Additionally, the Report discusses payment allocation practices for balances that have different interest rates. The CFPB noted that while the CARD Act and its implementing regulations govern payment allocation practices for payments in excess of the minimum due among balances with different interest rates, they do not restrict payment allocation between balances with identical interest rates except in limited circumstances. The Report strongly implies that the staff believes that, especially in the context of balance transfers, this represents a hole in the existing regulatory scheme: “All other factors being equal, a consumer with multiple overlapping transferred balances subject to the same promotional rate, but with different promotional rate expiration dates, would prefer to have payments allocated to the balance that has its promotional rate period expiring first.”[11]

Deferred Interest Products

The Bureau has long been critical of deferred interest products (“DIPs”), suggesting that the possible costs of DIPs may be insufficiently disclosed and understood by consumers. The CFPB discussed costs and related disclosures of DIPs in prior reports, as well as the disparity in pay off rates between consumers with different credit scores (with superprime consumers paying the balance during the promotional period at a higher rate).[12] In June 2017, the CFPB sent warning letters to several card issuers that deploy DIPs suggesting that the issuers use more robust disclosures.[13]

The Report again questions the adequate disclosure of costs related to DIPs and analyzes payoff rates within the promotional period depending on a consumer’s credit score. The Report also states that superprime consumers are more likely to pay DIP balances before interest charges are accrued. The Bureau’s focus on this issue suggests concern that DIPs, being less advantageous to near-prime and subprime consumers, constitute a regressive subsidy.[14]

Additionally, the Report found that general purpose credit card balances for superprime consumers are paid at double the rate than for private label credit card balances, probably due to the prevalence of DIPs.[15] It is an open question whether these consistent findings of lower payoff rates during the promotional period for lower credit tier consumers will lead the CFPB to take action to limit the availability of DIPs to below superprime consumers.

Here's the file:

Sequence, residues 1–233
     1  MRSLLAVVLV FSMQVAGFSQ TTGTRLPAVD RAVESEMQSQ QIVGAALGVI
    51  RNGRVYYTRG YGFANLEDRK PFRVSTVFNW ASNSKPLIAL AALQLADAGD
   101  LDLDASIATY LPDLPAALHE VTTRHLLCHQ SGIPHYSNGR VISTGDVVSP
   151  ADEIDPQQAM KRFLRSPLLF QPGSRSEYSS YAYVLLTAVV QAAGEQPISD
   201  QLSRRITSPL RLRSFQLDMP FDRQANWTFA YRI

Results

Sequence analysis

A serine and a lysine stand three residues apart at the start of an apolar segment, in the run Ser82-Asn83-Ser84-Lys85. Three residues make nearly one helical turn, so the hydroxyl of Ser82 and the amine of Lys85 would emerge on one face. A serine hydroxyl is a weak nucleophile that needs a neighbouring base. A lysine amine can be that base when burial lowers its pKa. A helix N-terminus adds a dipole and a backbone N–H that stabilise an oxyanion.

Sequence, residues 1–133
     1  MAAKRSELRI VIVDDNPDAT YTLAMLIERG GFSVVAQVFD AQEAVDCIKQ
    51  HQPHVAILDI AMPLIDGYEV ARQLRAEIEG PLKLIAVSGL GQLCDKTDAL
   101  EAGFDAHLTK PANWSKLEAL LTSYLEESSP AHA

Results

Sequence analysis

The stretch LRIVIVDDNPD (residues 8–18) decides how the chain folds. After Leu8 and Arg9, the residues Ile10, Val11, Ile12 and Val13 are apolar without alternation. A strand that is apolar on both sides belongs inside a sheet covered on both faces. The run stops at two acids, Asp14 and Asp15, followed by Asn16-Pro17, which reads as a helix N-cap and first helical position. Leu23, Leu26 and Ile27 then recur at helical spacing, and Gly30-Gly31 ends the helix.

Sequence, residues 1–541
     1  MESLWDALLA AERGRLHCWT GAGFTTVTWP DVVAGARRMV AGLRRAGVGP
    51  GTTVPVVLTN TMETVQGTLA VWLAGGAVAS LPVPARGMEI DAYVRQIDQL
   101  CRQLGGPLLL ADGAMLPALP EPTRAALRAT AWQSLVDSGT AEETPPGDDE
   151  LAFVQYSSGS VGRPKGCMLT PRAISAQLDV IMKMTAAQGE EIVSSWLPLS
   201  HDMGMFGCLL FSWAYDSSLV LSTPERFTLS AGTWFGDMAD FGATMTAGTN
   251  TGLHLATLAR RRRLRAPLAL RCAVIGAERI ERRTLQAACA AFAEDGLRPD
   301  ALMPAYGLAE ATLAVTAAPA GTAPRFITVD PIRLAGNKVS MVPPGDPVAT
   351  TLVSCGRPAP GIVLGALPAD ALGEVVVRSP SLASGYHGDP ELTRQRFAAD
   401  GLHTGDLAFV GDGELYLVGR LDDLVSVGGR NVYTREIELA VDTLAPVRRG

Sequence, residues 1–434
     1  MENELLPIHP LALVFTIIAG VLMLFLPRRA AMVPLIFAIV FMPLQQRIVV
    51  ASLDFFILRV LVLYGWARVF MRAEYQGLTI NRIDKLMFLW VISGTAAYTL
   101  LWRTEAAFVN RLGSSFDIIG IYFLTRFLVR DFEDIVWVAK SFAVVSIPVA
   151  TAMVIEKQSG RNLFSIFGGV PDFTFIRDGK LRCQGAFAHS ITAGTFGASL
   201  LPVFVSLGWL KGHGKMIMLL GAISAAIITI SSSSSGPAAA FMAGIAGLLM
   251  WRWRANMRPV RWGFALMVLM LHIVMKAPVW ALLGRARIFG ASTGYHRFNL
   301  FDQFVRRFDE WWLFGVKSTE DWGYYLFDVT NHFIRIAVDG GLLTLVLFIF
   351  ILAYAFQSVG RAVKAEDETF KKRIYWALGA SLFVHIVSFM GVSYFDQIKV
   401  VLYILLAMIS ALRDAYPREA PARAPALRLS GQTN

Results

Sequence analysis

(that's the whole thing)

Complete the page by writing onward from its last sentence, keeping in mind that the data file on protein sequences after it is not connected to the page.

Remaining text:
Loyalty and Rewards Programs

The CFPB noted a proliferation and innovation of rewards programs and that these programs are popular with consumers. The CFPB noted that not all consumers access rewards to the same degree, but that “superprime is the dominant credit tier for spending via all rewards types.”[16]  When reviewing card issuer practices for rewards, the CFPB noted both improvement and continuing issues. The Report discussed continuing concerns about “consistent consumer access to rewards terms and conditions throughout the account lifecycle, a number of steps to ensure consumer-friendly experiences with sign-up bonuses and similar promotions, and better communication around expiration and forfeiture.”[17] However, the CFPB remarked that “while a number of [] issues persist, progress has been made.”[18]

The CFPB’s balanced discussion of rewards programs suggests that continued diligence is needed to ensure that rewards terms, including redemption and forfeiture, are sufficiently disclosed.

Forbearance, Debt Collection and Late Fees

The Report summarized market developments regarding forbearance and collection, including that many issuers have discontinued short-term financial hardship programs for consumers, while other issuers “evaluated customers with short-term financial hardship and offered them long-term programs as an alternative.”[19]